A. If you got injured between Jan. 1, 2004 and Dec. 31, 2012, and your employer has 50 or more employees, and you are not presented with a new job offer, regular, modified or alternative work, your weekly PD benefits will be immediately increased by 15 percent.

If you got injured between Jan. 1, 2004 and Dec. 31, 2012, and your employer has fewer than 50 workers, and your employer does not offer you a new job regular, modified or alternative, your PD benefits will not change.

If you got injured on or after Jan. 1, 2013, your permanent disability benefits will not change if you are not presented with a new offer to return to work, regular, modified or alternative work, regardless of how many employees your employer has.

Q. Why are my permanent disability benefits change by the return to work offer?

A. The state of California has determined that the longer you stay out of work, the less likely is that you go back to work. These rules we set in place to allow you to go back to work as soon as your doctor determines your are OK.

Again, not all cases are the same and you must speak to your California workers compensation attorney and discuss your options.

Q. What if the new position doesn't work out?

A. This depends for the most part in the date of your injury, you need to discuss your options with your California workers compensation attorney.

Q. How do I qualify for SJDB?

A. You must have been injured on or after Jan. 1, 2004, and are permanently unable to perform your regular work duties, and your employer hasn't offered you another position, you may qualify for SJDB.

 

This is voucher that you can use to learn a new skills at a state approved  school. 

For injuries that took place between Jan. 1, 2004 and Jan. 1, 2013, employees who don't go back to work, 20 days after your employer made you a job offer, you'll get a voucher. The amount is determined by your disability score: 

  • Up to $4,000 voucher for a disability score of less than 15 percent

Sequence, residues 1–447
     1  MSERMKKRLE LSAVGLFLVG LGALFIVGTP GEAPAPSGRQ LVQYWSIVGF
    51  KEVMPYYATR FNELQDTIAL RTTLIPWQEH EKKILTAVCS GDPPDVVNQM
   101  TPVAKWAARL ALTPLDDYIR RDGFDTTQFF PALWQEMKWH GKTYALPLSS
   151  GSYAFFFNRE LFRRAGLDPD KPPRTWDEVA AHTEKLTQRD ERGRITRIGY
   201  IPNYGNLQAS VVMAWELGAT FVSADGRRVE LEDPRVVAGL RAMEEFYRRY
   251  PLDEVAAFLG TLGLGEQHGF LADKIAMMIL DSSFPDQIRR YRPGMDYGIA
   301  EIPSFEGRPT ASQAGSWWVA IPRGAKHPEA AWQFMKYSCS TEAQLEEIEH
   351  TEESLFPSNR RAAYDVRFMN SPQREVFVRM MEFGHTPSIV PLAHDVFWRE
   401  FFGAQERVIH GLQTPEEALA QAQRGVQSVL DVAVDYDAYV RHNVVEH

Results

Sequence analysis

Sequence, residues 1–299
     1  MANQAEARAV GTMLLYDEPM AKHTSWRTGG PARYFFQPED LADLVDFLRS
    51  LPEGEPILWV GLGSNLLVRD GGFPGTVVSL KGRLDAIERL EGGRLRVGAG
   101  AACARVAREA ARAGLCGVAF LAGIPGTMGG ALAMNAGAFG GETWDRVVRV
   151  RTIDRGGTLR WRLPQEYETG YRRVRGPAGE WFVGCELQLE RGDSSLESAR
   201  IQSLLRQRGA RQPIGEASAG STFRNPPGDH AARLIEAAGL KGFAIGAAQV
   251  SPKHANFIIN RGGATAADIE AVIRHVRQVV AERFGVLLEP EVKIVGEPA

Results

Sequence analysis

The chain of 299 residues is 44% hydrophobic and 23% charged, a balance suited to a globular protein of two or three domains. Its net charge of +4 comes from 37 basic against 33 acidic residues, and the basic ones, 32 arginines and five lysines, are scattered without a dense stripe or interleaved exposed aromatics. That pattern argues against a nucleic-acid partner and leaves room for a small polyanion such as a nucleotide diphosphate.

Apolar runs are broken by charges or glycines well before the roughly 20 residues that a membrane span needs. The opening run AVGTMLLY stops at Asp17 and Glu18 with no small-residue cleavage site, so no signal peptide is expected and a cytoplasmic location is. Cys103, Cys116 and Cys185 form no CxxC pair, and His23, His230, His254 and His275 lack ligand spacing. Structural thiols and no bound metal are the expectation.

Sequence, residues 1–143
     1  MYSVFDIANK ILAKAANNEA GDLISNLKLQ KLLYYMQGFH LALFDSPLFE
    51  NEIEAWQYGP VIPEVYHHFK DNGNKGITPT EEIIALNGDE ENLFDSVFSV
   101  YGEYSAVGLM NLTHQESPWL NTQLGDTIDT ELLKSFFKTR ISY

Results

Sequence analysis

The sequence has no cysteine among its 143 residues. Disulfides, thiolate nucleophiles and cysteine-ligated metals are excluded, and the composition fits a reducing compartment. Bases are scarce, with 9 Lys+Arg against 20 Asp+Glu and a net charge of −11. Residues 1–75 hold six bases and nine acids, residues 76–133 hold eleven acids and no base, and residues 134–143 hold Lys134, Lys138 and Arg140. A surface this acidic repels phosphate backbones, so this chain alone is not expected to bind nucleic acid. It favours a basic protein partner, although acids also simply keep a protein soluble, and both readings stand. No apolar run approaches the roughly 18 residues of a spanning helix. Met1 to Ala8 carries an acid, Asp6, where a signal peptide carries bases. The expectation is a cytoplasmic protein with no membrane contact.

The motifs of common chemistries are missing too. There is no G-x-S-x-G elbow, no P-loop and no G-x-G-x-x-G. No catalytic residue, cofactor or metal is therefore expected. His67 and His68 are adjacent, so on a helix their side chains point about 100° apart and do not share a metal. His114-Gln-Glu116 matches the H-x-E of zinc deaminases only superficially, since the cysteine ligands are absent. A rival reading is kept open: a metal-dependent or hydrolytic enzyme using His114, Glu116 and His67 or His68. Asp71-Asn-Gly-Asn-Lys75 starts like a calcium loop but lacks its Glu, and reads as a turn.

• Up to $6,000 voucher for a disability score between 15 and 25 percent

  • Up to $8,000 voucher for a disability score between 26 and 49 percent

  • Up to $10,000 voucher for a disability score between 50 and 99 percent

 

Up to 10% of the voucher may be used for counseling.

Employers are not liable for providing the SJDB to an employee if, within 30 days of the end of disability benefits, a job offer is made, and the employee refuses to go back to work.

 

If you got injured after Jan. 1, 2013, the voucher amount is $6,000.00 regardless of your disability score. The voucher applied within 20 calendar days from the expiration of time for making a job offer. The job must at least 85% of the from your original pay rate and benefits and must last at least 12 months.

Q. What if don't accept a job offer, can I still et the voucher?

A. No, you're not eligible for the voucher.

 

Q. How can I benefit the most out of my workers compensation benefits?  

The are a lot of rules, deadlines, conditions to keep track of. Hiring a California workers compensation attorney is the best option to make sure your rights are protected and that you receive all the benefits you are entitled to. 

Make sure your California workers compensation attorney is pre-screened and has a record of successful settlements in the workers compensation system.